Did you know standing water is a breeding ground for a fungal infection that’s dangerous to canines?Water and dogs seem to go together. While most bodies of water are safe for your dog to swim and splash in, standing water can be a water hazard. Standing water can be at risk for a serious fungal infection called pythiosis that, if left untreated, can become fatal. Protect your dog against this dangerous infection—learn the basics about pythiosis in dogs and how your canine might come in contact with it.
What is Pythiosis?A fungal infection that can affect both dogs and cats, pythiosis is caused by a type of aquatic mold called Pythium insidiosum, which is found in stagnant water. This parasite is most commonly found in swampy areas in the southeastern United States, though it has been identified as far west as the central valley in California. It’s unlikely that your dog will contract pythiosis by swimming in a pool, stream, or river, but steer clear of standing bodies of water—they’re a breeding ground for this type of fungus. In most cases, mold spores enter the dog’s body through the nose or esophagus, although it can also enter through open wounds. Once inside a dog’s body, spores settle in the lungs, brain, sinuses, skin, or gastrointestinal tract where it develops into palpable masses.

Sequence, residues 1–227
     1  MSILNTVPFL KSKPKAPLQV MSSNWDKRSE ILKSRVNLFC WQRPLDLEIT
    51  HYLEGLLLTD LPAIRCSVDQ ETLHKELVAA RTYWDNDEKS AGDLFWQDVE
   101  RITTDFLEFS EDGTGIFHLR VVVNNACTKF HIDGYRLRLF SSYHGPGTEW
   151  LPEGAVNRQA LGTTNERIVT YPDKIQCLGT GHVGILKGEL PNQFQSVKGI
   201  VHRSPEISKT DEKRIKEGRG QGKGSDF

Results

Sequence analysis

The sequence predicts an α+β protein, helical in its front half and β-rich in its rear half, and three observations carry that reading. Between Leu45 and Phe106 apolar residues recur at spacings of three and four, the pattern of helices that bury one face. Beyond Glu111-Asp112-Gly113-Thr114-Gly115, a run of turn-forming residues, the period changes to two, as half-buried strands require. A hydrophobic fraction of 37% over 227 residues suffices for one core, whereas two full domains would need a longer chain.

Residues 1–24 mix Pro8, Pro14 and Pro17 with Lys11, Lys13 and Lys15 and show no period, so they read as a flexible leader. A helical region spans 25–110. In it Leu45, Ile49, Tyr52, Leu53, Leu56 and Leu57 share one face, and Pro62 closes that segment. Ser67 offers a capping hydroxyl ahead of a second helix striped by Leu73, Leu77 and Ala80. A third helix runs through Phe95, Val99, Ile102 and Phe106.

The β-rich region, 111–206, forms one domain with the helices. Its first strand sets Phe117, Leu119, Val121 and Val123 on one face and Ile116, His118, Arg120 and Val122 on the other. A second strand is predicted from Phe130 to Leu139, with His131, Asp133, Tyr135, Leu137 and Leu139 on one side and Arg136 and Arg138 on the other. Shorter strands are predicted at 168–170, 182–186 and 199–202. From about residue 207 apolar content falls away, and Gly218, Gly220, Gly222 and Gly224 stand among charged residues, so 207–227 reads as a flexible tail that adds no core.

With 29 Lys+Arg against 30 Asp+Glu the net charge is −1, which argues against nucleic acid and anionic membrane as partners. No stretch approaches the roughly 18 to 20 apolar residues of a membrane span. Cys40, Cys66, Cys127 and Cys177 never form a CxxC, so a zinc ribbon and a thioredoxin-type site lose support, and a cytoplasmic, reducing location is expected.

Symptoms of PythiosisThe gastrointestinal form of pythiosis is the most common pet owners will encounter. Symptoms include diarrhea, vomiting, and weight loss. Infected dogs can also develop palpable stomach masses. Less common is the subcutaneous form of the disease, which develops under the skin. Symptoms of this form of pythiosis include lesions on the head and legs as well as the area at the base of the tail. Often mistaken for granulomas or other skin growths, lesions can become itchy. If left untreated, these lesions can lead to skin and tissue death (necrosis).